ARGUMENTS

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What for centuries raised man above the beast is not the cudgel but the irresistible power of unarmed truth. 

Bois Pasternak, 
poet and novelist (1890-1960


Scientific advantage

Some cosmologists, searching for primordial gravitational waves — ancient ripples in space-time produced in the first moments after the Big Bang  — announced in 2014 March that they had found them.  On January 30 this year, another team reported that it had reanalyzed the results and found only a cosmological will-o‘-the wisp.

The first team were criticized in some quarters for rushing to publish. But as the latest paper proves, one of the fundamental advantages of the natural sciences is their ability to correct themselves, a feature not shared with all disciplines!

Adapted from an article in the Economist, 2015 February 7.



The Impossibility of Growth
George Monbiot wrote in the Guardian on 2014 May 27:
The inescapable failure of a society built on growth and its destruction of the Earth's living systems are the overwhelming facts of our existence. [But] they are the 21st Century's great taboo. Statements of the bleeding obvious, the outcomes of basic arithmetic, are treated as exotic and unpardonable distractions, while the impossible proposition by which we live is regarded as so sane and normal and unremarkable that it isn't worthy of mention. That's how you measure the depth of this problem: by our inability even to discuss it.
CACOR and the Club of Rome do discuss it and should make as many opportunities as possible to reach and persuade audiences beyond their immediate circles.
Monbiot's full article may be found here.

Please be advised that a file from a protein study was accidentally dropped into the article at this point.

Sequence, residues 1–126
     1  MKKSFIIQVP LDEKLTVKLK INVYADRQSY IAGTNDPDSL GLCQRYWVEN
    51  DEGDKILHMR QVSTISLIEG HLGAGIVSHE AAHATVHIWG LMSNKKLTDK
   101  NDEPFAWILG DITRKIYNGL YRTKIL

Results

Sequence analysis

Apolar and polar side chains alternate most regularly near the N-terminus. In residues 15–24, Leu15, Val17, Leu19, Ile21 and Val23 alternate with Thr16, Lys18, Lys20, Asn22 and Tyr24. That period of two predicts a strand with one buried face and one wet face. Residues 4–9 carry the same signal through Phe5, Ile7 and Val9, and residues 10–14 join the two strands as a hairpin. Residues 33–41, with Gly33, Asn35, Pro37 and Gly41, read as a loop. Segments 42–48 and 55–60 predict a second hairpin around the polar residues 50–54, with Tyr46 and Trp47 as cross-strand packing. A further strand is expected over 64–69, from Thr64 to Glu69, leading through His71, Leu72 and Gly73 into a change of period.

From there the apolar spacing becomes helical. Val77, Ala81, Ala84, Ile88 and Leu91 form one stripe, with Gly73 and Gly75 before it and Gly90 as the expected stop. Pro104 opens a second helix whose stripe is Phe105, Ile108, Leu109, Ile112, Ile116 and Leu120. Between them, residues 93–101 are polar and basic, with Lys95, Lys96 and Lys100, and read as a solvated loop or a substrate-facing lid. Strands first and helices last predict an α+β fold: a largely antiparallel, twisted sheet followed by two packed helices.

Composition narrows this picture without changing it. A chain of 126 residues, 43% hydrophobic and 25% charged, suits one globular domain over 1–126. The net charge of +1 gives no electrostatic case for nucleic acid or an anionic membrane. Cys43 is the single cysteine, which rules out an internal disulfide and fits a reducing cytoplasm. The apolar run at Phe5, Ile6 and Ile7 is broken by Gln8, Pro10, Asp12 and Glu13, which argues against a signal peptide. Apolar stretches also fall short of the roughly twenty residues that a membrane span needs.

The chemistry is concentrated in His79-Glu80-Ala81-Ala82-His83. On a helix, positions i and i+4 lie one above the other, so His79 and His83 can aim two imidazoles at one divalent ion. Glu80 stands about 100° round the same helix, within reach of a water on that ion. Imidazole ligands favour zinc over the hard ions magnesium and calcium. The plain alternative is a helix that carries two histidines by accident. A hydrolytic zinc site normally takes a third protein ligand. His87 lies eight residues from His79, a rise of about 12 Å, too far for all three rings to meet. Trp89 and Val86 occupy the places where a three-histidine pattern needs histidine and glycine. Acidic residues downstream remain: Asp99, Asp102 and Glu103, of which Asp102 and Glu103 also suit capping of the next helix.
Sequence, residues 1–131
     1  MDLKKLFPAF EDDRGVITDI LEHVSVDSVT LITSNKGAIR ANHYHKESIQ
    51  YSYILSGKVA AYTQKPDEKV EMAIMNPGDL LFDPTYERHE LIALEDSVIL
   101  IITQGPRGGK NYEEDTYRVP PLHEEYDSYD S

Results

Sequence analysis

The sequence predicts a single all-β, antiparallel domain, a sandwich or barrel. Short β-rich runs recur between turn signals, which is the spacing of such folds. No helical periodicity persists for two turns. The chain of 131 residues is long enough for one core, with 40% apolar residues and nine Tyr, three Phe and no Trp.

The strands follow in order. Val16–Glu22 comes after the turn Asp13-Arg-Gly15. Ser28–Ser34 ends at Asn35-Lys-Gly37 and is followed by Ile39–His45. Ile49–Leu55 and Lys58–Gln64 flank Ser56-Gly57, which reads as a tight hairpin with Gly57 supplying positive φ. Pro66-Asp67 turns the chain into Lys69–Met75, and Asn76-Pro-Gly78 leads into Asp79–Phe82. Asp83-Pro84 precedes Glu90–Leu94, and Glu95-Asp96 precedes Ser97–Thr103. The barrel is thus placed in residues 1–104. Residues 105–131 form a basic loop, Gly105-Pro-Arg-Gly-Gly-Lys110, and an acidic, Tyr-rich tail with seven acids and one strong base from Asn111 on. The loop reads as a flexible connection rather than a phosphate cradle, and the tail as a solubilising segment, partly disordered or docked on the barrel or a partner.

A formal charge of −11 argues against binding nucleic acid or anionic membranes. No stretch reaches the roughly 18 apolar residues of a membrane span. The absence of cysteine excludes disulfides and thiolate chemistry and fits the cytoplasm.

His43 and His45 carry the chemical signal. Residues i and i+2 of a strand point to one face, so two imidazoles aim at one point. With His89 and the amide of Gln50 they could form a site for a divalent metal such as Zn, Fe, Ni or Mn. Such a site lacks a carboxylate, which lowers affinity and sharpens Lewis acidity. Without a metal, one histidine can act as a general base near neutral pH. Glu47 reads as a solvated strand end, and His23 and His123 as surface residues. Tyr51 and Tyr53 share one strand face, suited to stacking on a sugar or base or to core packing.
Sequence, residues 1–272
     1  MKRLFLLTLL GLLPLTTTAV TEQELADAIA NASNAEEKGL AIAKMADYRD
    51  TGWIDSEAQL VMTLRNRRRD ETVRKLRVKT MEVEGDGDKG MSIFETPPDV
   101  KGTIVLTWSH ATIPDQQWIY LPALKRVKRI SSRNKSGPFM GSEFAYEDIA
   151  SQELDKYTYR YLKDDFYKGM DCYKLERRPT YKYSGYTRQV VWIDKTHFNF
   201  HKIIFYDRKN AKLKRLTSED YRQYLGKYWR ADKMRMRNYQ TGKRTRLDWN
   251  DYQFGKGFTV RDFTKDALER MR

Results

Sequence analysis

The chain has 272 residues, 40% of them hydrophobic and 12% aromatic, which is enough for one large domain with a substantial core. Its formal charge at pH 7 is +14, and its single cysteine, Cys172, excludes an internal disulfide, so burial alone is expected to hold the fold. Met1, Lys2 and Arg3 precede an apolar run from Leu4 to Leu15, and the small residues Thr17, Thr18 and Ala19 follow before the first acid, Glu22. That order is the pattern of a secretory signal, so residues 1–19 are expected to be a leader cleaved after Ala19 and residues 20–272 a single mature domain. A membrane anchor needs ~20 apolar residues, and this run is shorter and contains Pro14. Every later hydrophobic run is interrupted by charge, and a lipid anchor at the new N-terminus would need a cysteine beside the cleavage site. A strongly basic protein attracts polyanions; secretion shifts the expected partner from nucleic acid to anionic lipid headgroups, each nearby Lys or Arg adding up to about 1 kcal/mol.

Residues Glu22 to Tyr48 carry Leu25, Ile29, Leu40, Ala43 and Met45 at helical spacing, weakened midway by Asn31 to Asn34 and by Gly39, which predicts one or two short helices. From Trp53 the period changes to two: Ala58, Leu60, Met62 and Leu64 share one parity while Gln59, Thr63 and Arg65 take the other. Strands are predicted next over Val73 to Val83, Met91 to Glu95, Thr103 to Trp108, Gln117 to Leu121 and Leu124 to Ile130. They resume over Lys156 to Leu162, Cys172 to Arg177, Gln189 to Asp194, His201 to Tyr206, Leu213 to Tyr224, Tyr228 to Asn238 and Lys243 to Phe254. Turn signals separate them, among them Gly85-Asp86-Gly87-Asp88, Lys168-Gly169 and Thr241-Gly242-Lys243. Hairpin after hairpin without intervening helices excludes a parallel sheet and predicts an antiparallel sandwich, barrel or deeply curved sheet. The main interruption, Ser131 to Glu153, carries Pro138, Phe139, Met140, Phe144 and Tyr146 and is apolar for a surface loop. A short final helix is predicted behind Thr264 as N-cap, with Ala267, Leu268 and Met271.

Global warming 

We should take global warming as understood. Like Standard and Poor's, environmentalists should refer to it as global warming, not climate change:  there is more to global warming than climate change, which is inherently variable. Let's concentrate on what can be done, if anything, and adaptation to inevitable change.



IPCC has failed
In his review of The Climate Files, Robert Hoffman argues that the flaws in the design of the IPCC process may be as important in the world's failure to effectively address the issue of global warming as the interest-group-financed campaigns by deniers.



BC's carbon shift is working
 So say researchers at Sustainable Prosperity. They find that since the introduction of its ground-breaking carbon tax, use of oil, gas and diesel has dropped 16 percent and the BC economy has outperformed Canada’s. (source: University of Ottawa/Sustainable Prosperity)

BC's carbon tax started at $10/T CO2e in 2008, increased annually, and was capped at $30/T in 2012.  The editor finds it hard to believe that a tax, currently equivalent to 7¢/L of gasoline,  costing about 150¢/L when the study was conducted, could reduce consumption by 16% in a sector notorious for price inelasticty. Is this a case of measuring the noise, rather than the signal?  

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